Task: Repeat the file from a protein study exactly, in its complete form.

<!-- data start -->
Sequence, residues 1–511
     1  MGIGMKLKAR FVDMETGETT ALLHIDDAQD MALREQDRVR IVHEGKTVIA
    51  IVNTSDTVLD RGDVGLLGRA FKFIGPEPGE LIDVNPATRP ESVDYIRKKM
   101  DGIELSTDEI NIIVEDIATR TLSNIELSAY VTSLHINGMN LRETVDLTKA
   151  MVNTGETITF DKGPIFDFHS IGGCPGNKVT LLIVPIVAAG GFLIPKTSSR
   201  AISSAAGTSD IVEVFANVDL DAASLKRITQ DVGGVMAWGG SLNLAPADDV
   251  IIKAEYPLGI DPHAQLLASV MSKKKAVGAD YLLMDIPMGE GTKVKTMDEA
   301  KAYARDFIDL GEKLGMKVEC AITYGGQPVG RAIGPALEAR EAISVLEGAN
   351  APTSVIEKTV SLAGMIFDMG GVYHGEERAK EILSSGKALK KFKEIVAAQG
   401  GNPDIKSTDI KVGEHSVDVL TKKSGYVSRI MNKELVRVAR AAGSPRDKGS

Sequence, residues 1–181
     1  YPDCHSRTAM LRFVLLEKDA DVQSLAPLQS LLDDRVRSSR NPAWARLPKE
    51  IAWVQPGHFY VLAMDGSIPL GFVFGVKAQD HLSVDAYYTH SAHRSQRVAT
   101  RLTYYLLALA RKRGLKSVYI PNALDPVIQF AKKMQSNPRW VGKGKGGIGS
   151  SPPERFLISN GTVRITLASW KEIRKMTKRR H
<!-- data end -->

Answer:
Sequence, residues 1–511
     1  MGIGMKLKAR FVDMETGETT ALLHIDDAQD MALREQDRVR IVHEGKTVIA
    51  IVNTSDTVLD RGDVGLLGRA FKFIGPEPGE LIDVNPATRP ESVDYIRKKM
   101  DGIELSTDEI NIIVEDIATR TLSNIELSAY VTSLHINGMN LRETVDLTKA
   151  MVNTGETITF DKGPIFDFHS IGGCPGNKVT LLIVPIVAAG GFLIPKTSSR
   201  AISSAAGTSD IVEVFANVDL DAASLKRITQ DVGGVMAWGG SLNLAPADDV
   251  IIKAEYPLGI DPHAQLLASV MSKKKAVGAD YLLMDIPMGE GTKVKTMDEA
   301  KAYARDFIDL GEKLGMKVEC AITYGGQPVG RAIGPALEAR EAISVLEGAN
   351  APTSVIEKTV SLAGMIFDMG GVYHGEERAK EILSSGKALK KFKEIVAAQG
   401  GNPDIKSTDI KVGEHSVDVL TKKSGYVSRI MNKELVRVAR AAGSPRDKGS

Sequence, residues 1–181
     1  YPDCHSRTAM LRFVLLEKDA DVQSLAPLQS LLDDRVRSSR NPAWARLPKE
    51  IAWVQPGHFY VLAMDGSIPL GFVFGVKAQD HLSVDAYYTH SAHRSQRVAT
   101  RLTYYLLALA RKRGLKSVYI PNALDPVIQF AKKMQSNPRW VGKGKGGIGS
   151  SPPERFLISN GTVRITLASW KEIRKMTKRR H